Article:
Jerry Seltzer (born June 3, 1932) (also known as "The Commissioner" or just "Commish") was the second and final owner of the original Roller Derby league. The league and the sport of roller derby were created in 1935 in Chicago by Leo Seltzer, Jerry's father. Jerry assumed ownership of the league in 1959 and ran it until its demise in 1973. At one time it was on 120 television stations in the US and Canada and filled Madison Square Garden, the Oakland Coliseum (34,000, 1971) and Chicago White Sox Park (50,114, Sept 15, 1972).
In 1959, Jerry moved the operation to the San Francisco Bay Area and established the most fabled team in the history of the sport, the longtime champion San Francisco Bay Bombers. Stars included Charlie O'Connell, Joanie Weston, and Ann Calvello.
In 1970, Seltzer attempted to buy the struggling Oakland Seals hockey team. Although he put in a better offer and had a more detailed plan for reviving the franchise and had investors from 4 of the major franchises in the American Football League, a majority of National Hockey League owners (the "old establishment", not the younger owners and newer teams) voted to sell the team to Charlie O. Finley, the flamboyant owner of baseball's Oakland A's. Finley had little luck convincing Bay Area residents that the Seals were a worthwhile attraction, and the team pulled up stakes in 1976, moving to Cleveland, Ohio and later amalgamating with the Minnesota North Stars (now the Dallas Stars).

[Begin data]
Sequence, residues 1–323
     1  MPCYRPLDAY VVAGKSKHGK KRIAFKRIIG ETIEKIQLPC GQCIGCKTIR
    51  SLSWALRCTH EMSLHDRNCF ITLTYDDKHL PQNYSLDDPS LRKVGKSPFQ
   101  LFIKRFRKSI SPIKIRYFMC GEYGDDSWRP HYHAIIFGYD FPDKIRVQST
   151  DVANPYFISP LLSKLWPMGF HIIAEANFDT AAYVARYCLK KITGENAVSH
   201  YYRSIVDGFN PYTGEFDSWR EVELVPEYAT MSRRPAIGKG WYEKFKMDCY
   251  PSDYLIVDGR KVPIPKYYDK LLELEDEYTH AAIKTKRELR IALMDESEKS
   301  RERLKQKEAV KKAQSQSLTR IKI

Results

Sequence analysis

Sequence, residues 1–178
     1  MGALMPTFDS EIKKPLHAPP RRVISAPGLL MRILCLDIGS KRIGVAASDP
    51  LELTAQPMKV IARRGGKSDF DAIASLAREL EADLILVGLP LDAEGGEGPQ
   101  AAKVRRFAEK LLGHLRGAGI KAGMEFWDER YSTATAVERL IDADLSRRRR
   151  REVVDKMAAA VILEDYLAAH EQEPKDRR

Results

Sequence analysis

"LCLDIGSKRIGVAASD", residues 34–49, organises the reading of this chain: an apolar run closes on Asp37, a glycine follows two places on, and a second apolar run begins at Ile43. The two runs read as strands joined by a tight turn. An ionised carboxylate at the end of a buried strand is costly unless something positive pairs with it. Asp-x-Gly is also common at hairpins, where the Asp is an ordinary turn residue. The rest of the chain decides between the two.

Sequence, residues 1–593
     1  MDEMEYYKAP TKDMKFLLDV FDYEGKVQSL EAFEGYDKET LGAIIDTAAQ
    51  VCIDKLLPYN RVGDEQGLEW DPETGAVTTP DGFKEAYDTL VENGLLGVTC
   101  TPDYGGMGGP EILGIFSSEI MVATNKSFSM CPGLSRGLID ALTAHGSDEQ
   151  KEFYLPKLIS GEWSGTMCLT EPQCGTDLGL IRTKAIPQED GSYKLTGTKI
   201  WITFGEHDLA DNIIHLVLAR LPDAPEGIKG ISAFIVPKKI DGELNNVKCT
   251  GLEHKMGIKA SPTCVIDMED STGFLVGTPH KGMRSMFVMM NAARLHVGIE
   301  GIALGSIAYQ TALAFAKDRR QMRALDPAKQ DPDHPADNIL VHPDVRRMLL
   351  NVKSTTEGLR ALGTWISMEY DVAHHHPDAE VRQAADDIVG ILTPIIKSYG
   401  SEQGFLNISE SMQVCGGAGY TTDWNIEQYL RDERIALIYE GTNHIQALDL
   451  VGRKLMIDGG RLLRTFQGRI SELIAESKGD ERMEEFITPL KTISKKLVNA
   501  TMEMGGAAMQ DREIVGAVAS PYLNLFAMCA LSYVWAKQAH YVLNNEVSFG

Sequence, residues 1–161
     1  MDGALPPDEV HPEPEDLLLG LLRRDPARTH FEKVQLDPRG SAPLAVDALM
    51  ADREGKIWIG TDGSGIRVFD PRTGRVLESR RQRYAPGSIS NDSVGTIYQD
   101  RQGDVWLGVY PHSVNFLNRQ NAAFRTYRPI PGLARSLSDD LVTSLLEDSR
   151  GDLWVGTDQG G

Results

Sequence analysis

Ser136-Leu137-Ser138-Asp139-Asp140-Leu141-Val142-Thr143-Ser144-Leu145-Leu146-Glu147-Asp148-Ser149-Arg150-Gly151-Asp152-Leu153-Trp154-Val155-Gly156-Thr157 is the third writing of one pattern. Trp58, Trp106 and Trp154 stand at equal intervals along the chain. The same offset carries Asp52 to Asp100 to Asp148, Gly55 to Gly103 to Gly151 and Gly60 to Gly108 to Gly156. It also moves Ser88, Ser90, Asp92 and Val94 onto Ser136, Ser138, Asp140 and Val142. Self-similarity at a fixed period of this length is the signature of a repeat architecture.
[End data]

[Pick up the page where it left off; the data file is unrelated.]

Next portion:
In the 1970s, Jerry Seltzer co-founded Bay Area Seating Service (BASS) Tickets, a San Francisco Bay Area computerized ticket service. From 1983 to 1993, he was a vice president of sales and marketing for Ticketmaster. On his return to the Bay Area he joined Bonjourfleurette.com as marketing and sales director and C.O.O. He co-founded the Sonoma Valley Film Festival (now Sonoma Filmfest) and served on a number of community boards, including the Bay Area American Red Cross, and he helped produce the 30th anniversary special for Cecil Williams Glide church.
As of mid-2010, Seltzer is currently serving as an advisor to gotdibbs.com and working as a volunteer consultant to the new amateur roller derby leagues.
Jerry said about roller derby that his father, Leo Seltzer, had always wanted roller derby to be a legitimate sport and to be in the Olympics. Jerry said that with the recent grassroots movement of roller derby, including the WFTDA, he thinks roller derby can now be an Olympic sport.